May 202015
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Kale Tabbouleh


I really enjoy eating traditional Lebanese Tabbouleh, but making it is a true labour of love! Although Tabbouleh is a very simple salad to make, there is one rather time-consuming step: separating the large quantity of parsley leaves from their stalks.


I am not the only one who finds this a big job. I’ve seen boxes of pre-chopped parsley in my supermarket in Dubai, so there must be others who struggle with the same thing. Of course, the problem with pre-chopped parsley is that it has very little flavour and aroma compared to freshly chopped parsley.


But then something happened which changed the way I make Tabbouleh.


This week I attended the official opening of The Farm House, a shop which sells local organic produce in the UAE. The event was hosted at The Change Initiative in Dubai where Chef Yogesh prepared amazingly fresh, seasonal dishes with a ‘twist’ using mostly local organic produce. One of the many delicious dishes he prepared was Kale Tabbouleh. I wasn’t sure what to expect, but I was hooked from the first bite. I knew immediately that I wanted to go home and try to replicate this dish. I don’t know exactly what Chef Yogesh’s recipe is, but I think I got pretty close to it with my version of Kale Tabbouleh.


I love the taste of this recipe, and I also love the fact that chopping kale is so much easier than chopping parsley. Unlike delicate parsley leaves which take a long time to separate from their stems, kale leaves come off very easily from their tough stalks.


The main thing to remember when using kale in a salad is the importance of massaging the leaves for a few minutes to break down their cellulose structure (I know it sounds weird, but trust me on this). Raw kale leaves are quite tough and it’s hard to get much flavour from them. Massaging the kale gives you a softer, more flavourful leaf. It also shrinks the leaves to about half their volume which makes them easier to toss with other ingredients. The technique for massaging kale is to tear or cut the kale leaves off their stalks, shred the leaves, place them in a large bowl, and rub and squeeze them between your hands for 3 minutes. By the end of the first minute, the kale will smell like a freshly mowed lawn and by the end of 3 minutes it will be very pliable and soft.


If you are a fan of kale, you will love this salad. If you are not a fan of kale, you will become a kale convert after eating this 😉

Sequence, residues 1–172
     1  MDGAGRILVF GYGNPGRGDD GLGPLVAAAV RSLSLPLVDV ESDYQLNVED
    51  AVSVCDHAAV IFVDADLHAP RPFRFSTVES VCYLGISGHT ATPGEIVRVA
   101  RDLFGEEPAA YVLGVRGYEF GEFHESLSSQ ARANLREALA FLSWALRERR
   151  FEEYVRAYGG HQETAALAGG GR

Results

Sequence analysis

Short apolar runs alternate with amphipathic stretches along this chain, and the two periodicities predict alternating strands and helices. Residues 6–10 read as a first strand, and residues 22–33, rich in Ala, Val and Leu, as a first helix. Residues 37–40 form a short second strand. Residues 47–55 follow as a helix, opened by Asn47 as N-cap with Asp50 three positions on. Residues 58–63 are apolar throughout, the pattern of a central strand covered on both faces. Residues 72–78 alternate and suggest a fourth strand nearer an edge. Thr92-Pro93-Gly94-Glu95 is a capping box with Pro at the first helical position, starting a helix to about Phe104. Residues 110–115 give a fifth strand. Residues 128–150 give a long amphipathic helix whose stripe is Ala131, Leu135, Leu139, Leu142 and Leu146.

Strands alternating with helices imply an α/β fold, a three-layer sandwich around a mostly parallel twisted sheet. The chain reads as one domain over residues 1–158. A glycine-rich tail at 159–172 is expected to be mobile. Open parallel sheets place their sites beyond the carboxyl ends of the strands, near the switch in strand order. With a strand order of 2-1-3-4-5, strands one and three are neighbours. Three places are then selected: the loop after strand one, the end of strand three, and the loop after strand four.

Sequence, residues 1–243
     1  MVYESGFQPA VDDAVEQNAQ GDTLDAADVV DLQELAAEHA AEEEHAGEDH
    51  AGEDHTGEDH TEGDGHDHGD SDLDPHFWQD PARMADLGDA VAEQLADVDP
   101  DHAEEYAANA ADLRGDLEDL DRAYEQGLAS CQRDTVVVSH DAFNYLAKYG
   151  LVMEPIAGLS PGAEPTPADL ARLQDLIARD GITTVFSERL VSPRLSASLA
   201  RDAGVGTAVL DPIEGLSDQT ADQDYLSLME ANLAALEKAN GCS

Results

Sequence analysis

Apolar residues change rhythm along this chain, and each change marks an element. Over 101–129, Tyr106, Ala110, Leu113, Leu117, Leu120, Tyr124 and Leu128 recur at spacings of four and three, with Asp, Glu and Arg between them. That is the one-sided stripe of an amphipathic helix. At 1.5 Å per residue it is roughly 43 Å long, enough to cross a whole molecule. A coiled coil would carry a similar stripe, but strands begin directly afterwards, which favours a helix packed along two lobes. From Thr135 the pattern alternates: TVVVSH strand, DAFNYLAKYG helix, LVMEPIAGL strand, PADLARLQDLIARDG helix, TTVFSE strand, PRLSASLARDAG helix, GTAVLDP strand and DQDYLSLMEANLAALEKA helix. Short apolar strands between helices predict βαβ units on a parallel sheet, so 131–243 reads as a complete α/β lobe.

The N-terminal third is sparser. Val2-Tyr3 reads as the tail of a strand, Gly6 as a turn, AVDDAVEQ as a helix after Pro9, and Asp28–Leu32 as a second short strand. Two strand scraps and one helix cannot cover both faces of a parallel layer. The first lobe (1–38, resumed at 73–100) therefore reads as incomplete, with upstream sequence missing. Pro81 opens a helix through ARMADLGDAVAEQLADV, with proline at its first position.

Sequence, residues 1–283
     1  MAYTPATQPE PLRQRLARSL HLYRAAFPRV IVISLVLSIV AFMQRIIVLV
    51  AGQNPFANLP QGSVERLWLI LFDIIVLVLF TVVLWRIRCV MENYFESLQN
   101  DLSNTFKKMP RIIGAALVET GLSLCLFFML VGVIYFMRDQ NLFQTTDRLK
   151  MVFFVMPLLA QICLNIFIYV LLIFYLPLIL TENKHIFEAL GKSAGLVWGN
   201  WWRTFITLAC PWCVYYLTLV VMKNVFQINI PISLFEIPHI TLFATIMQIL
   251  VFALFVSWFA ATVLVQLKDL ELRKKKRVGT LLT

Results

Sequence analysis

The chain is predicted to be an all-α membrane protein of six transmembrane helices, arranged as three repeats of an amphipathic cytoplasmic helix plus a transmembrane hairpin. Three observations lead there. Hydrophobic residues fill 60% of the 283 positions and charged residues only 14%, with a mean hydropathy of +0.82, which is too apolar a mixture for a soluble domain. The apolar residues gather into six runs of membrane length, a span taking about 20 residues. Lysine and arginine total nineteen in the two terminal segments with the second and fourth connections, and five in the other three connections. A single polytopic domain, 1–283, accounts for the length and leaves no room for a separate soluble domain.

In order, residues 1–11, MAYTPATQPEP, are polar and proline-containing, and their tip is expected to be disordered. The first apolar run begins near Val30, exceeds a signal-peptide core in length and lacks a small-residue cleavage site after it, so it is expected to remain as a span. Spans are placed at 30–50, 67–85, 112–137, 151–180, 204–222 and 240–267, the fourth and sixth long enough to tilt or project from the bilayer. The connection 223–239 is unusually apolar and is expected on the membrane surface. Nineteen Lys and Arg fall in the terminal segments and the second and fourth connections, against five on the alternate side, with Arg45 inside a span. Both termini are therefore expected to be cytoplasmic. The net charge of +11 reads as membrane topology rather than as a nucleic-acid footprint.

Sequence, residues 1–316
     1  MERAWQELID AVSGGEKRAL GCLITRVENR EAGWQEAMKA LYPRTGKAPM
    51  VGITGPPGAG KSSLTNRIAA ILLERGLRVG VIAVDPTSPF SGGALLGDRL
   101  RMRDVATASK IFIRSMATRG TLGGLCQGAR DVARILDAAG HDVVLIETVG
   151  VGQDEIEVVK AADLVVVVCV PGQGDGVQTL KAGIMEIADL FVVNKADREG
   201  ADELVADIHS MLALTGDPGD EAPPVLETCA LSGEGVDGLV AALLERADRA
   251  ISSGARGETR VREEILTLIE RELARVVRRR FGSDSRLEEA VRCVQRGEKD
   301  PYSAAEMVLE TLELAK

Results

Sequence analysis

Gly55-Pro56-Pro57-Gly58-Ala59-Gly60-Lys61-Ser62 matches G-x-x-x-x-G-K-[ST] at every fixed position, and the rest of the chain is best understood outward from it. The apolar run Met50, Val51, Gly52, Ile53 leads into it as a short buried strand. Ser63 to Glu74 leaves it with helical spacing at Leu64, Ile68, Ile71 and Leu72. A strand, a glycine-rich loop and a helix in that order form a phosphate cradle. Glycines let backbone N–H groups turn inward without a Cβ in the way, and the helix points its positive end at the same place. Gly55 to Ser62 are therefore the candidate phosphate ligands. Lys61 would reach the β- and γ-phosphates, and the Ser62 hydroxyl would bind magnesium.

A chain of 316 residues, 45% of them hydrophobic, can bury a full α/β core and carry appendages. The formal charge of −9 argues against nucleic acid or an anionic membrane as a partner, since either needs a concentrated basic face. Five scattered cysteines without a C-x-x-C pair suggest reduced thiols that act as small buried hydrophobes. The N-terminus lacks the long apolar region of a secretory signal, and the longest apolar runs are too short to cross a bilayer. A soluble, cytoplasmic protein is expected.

Share your thoughts in the comment section below: Do you like experimenting with traditional recipes and updating them, like this Kale Tabbouleh? Or do you think it’s better to leave traditional recipes as they are?


Kale Tabbouleh



(Serves 4 as a side dish; recipe can be doubled to serve more)


Dressing Ingredients:

2 Tbsp extra virgin olive oil

2 Tbsp freshly squeezed lemon juice

1/2 tsp coarse sea salt


Salad Ingredients:

1 cup cooked bulgur (1/4 cup dried bulgur usually becomes 1 cup when cooked)

1/2 cup freshly boiled water

1/2 tsp salt

100g/3.5 oz kale (weight with the stalks removed)

2 scallions/spring onions (white and green parts), thinly sliced

2 Tbsp fresh mint leaves, finely chopped

4 cherry tomatoes or 1 large tomato, seeds removed and cut into small pieces



  1. Prepare the dressing by combining the extra virgin olive oil, freshly squeezed lemon juice and sea salt in the bottom of the bowl you plan to toss your salad in.
  2. To prepare your bulgur, follow the directions on the packaging. I made mine by combining 1/4 cup dried bulgur, 1/2 cup freshly boiled water (from the kettle) and 1/2 tsp salt into a pot with a lid. Cover and allow to sit for 20-25 minutes. Alternatively, you can boil the bulgur for 10-15 minutes in a pot of boiled water. Drain if necessary and spread on a plate to cool.
  3. To prepare the kale, remove the kale leaves from the tough stalk which runs the full length of the kale leaf. This can be done by pulling the leafy parts off by hand or cutting them off with a knife. Wash the leaves and then dry them thoroughly in a clean tea towel or kitchen cloth. Thinly shred the kale and put it into an empty bowl. Massage the shredded kale leaves with your hands by rubbing and squeezing it for 3 minutes. Set aside.
  4. Finely chop your scallions/spring onions and mint leaves. Set aside.
  5. Deseed your tomatoes and cut into small pieces.
  6. Take the large salad bowl with the dressing in it, and add the kale, cooled bulgur, scallions/spring onions, mint and tomatoes.
  7. Toss all the ingredients well with the dressing.
  8. Taste and adjust seasoning as necessary.
  9. Refrigerate until ready to serve.
  10. This salad will stay fresh in your refrigerator for 3 days.


Share your thoughts in the comment section below: Do you like experimenting with traditional recipes and updating them, like this Kale Tabbouleh? Or do you think it’s better to leave traditional recipes as they are?


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